I’m a celebrity…learn to code!

Will i.am was featured in a BBC report this week on the effect that low IT skills have on young  people’s job prospects  BBC News – Prince’s Trust: Poor IT skills hurt youth job chances . One argument might be that a more inspirational story might have been how a young person had raged against the machine to work their way up and how others in the same position could take the same path etc. however that is unlikely to make the national news or help to get the core message from the Princes Trust out.

When a wealthy and popular celebrity tells kids that they should want to be scientists, technicians, engineers and mathematicians rather than aspiring to be a wealthy and popular celebrity I think you have to applaud their altruism.

This case exemplifies a growing approach to education and more and more we see prominent public figures evangelising about education broadly or about particular subjects. Celebrity endorsement for charities or charitable causes is not a new thing but I see a definite increase in how education benefits from it.

I might expect it from public figures from industry in related fields. When (amongst others) Mark Zuckerberg, Sheryl Sandberg and Jack Dorsey endorsed the teaching of coding and computer science in schools recently (see www.code.org ) there was a certain amount of logic to it. However you can’t say the same about Ashton Kutcher, Chris Bosh, Snoop Dog or Will i.am, all of whom are part of the same movement.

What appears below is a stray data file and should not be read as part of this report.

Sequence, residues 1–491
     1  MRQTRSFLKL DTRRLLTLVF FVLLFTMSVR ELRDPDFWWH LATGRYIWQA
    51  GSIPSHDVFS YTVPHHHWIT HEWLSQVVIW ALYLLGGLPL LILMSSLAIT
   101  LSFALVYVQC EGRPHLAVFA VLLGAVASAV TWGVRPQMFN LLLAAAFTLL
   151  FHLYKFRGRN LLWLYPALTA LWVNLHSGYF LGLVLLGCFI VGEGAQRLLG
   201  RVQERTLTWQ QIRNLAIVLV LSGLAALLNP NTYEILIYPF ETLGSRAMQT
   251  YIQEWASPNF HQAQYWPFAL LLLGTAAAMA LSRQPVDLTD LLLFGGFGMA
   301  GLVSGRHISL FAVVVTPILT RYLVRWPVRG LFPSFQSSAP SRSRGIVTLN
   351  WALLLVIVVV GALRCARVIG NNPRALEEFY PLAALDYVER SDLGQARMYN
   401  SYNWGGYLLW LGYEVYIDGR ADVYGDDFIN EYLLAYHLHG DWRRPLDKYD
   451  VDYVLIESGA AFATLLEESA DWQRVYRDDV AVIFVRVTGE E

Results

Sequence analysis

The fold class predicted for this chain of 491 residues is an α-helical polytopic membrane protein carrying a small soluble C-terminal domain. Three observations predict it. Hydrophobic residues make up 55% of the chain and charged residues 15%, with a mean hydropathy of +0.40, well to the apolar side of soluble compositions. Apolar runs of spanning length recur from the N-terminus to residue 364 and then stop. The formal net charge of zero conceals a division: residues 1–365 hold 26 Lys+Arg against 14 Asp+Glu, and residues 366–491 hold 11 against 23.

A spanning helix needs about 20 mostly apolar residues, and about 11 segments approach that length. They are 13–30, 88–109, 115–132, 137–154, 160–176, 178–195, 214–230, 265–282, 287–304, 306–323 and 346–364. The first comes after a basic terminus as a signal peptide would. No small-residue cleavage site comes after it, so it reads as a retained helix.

“I’m taking a computer science course, because I’m passionate about where the world’s going, curious about it and I want to contribute,” Will i.AM told the BBC and I’ll confess to being a little jealous that this kind of championing of education wasn’t there when I was a student.

I’m not going to try and claim that a lack of celebrity encouragement has held me back and many young people excel without it, but offering young people role models for their education beyond teachers and family members must be a good thing.

Modern media has had an impact in that it is easier to get messages of this type out quickly and widely. I won’t say how old I am but let’s just say that in the year I left school there was an article published saying that ‘no online database will replace your daily newspaper…and no computer network will change the way government works’.

But even given social changes linked to new technologies there is a change to the better in how we value education and how public figures use their status as a platform to inspire others.

I don’t like the phrase ‘making education cool’ and maybe that’s not the crux of it – it’s more that young people should see education and academic endeavor as a cool way to excel and I admire any public figure who is will.i.ng (sorry – couldn’t resist it!) to encourage them.